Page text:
Glitter attracts followers, but empathy breeds influential leaders.
Since the fervor of election season has quieted down, I can share my response to an acquaintance who asked how to convert Leni’s unbelievers. I said to be empathic and to avoid engaging from a moral high seat.
A condescending attitude doesn’t convert
I feel that while there are die-hard Marcos fans, there are people who were turned off by a condescending behavior. As a result, some may have cast a protest vote.
If cerebral discussion falls short, try empathy
Empathy can be cognitive, emotional, or compassionate. Cognitive simply means you understood the context of their behavior, while emotional is a notch higher because you also felt their emotions. The highest form is compassionate empathy because you did something to address what you understood and what you felt.
I regularly facilitate (leadership) mentoring for our barangay’s chairman and kagawads. I became aware of the various health issues these officials are experiencing, but I also learned that they are NOT part of the annual physical examination or any health program of either the LGU or the national government (except the Philhealth card that is preloaded with P15k that they can only avail once).
As a resident, I have witnessed their dedication, transparency, and above-average management of our community, particularly during the pandemic. In previous years, the barangay received several awards.
I understood (cognitive) why they would prefer to self-medicate rather than go to public hospitals unless it was an emergency. I also felt their pain (emotional) because, despite their dedication, they were frequently criticized. They also risk developing mental and physical illnesses while performing their duties, but they do not receive commensurate government health benefits.
So I contacted my acquaintances in high places of government to see if there was indeed no program for them and what could be done. Similarly, I asked entrepreneur friends if their organizations could do some sort of CSR initiative for deserving Barangay officials (compassionate).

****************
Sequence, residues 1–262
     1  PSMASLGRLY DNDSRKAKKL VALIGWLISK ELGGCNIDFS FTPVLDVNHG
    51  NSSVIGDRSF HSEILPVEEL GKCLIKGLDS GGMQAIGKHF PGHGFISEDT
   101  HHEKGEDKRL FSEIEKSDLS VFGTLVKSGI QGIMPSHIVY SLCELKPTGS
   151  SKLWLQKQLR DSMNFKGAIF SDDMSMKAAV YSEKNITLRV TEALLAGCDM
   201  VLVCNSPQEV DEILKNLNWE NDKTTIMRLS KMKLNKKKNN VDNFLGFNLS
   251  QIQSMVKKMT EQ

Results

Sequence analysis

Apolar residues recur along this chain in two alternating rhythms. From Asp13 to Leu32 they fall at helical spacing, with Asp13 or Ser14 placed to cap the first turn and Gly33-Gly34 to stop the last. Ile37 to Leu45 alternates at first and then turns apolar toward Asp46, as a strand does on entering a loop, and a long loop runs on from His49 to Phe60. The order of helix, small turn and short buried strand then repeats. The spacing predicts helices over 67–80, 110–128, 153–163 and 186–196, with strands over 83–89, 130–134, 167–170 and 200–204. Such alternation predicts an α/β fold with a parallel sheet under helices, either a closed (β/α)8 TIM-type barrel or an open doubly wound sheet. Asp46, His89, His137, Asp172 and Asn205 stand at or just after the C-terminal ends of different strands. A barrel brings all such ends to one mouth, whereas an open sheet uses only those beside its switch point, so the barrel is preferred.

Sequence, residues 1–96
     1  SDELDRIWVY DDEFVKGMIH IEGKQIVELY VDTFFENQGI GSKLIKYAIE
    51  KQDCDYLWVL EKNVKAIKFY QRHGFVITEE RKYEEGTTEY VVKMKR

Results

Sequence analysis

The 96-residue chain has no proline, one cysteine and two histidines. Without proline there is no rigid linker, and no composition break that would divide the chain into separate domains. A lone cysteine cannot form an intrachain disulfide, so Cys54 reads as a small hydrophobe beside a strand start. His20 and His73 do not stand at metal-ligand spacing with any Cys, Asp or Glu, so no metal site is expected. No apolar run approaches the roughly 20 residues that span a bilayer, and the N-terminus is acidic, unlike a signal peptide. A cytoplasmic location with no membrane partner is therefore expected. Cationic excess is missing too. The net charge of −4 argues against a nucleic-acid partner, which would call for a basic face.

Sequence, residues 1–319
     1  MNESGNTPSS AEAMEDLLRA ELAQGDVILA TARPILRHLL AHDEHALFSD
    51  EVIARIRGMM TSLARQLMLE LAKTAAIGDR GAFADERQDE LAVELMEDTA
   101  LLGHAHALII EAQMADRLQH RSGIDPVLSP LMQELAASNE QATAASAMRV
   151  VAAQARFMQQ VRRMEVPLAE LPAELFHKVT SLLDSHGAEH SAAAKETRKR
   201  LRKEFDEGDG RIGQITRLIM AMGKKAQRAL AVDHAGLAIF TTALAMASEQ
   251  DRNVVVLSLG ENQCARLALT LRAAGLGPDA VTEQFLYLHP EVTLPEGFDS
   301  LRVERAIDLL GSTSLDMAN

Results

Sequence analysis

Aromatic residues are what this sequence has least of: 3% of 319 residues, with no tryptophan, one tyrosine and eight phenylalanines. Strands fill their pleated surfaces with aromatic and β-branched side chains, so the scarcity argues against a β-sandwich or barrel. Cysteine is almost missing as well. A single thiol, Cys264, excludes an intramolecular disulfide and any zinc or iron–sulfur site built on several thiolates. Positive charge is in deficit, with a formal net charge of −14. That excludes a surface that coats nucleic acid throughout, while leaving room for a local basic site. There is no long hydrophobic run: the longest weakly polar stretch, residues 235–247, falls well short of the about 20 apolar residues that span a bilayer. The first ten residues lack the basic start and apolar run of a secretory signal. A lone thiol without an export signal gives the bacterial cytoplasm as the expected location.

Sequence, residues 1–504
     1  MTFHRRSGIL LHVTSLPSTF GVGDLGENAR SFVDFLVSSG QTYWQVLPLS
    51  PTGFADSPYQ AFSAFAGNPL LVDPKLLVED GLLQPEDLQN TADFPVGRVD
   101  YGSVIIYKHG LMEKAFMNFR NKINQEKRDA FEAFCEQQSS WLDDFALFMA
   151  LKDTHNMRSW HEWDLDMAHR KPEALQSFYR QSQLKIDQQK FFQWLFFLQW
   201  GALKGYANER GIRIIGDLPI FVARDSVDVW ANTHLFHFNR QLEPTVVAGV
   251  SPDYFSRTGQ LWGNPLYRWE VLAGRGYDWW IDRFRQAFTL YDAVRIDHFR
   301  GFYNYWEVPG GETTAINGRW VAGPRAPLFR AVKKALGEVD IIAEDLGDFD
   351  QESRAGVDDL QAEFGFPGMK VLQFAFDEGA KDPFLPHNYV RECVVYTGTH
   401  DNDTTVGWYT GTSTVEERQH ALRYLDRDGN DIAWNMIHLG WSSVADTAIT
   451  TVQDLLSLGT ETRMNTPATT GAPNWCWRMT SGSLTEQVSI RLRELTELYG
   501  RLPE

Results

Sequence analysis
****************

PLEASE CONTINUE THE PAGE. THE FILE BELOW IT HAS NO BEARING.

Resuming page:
I used to lead the HR of a labor-intensive company where 70% of the manpower was blue-collar employees. These are either elementary graduates, HS level, or HS graduates.
They were dubbed palengkeros and utak squatters by enraged educated staff because, during parties, these employees would take more food than they could eat and place it in plastic bags to take home, nauubusan ang iba ng pagkain. They also said these employees were hard to deal with and their behavior is borderline arrogant.
While I agree with this observation, these employees are also fiercely loyal to the people who gained their trust, rightfully or wrongfully.
I was a greenhorn manager when I took over as HR head of this company. When I started, I had no idea that the employees were in the process of organizing a union. So, when we received the notice for election certification, management bombarded me with questions about why this had happened. Though I was only an observer of the process, I immersed myself in employee exchanges to learn the compelling reason why they had to organize themselves. I discovered that their issues could have been quickly resolved, but because the trust level is zero due to the neglect and the condescending attitude of some managers, they opted to self-organize.
In this experience, I learned a valuable lesson in people management, empathy makes thought leaders influential
I also figured as a young manager that the noisiest is not always the majority.
In this story, the majority of employees, who kept their opinion to themselves, don’t want to organize, thus, the company remained union-free.
The lessons from this experience defined my approach to influential leadership moving forward in my career. Though I made silly approaches to win an argument, gain support and force people to submission. Establishing a heartfelt connection with the people is still the best way to go.
- I accommodated some invitations from these people even at simple gatherings; I brought lutong bahay food and ate with them in numerous lunches; Doing these and others so I could take a look at the lenses that they are using, and understand why such lens is being used
- I also learned from my mentor that the best way to sincerely connect with people is to make your presence felt on any of these life’s emotional milestones. (1) Death in the family (2) Wedding of employee (3) Childbirth.
On one occasion, I was in a hospital with an employee when her sister died after an attempted rape and robbery. You can’t help but feel their horror and pain, it gave me sleepless nights for about a week.
- And whenever we would conceptualize programs, or introduce new policies, we anchored the implementation from a humane standpoint (hr in hr or human rights in human resources)
Taking these anecdotal tips from personal experience, I am leaving these thoughts to ponder.
In the marketplace of ideas, people will not always agree with us, but they may still follow our lead because we are empathic.
And where there is a lack of empathy, social engineers and disinformation artists will fill the void.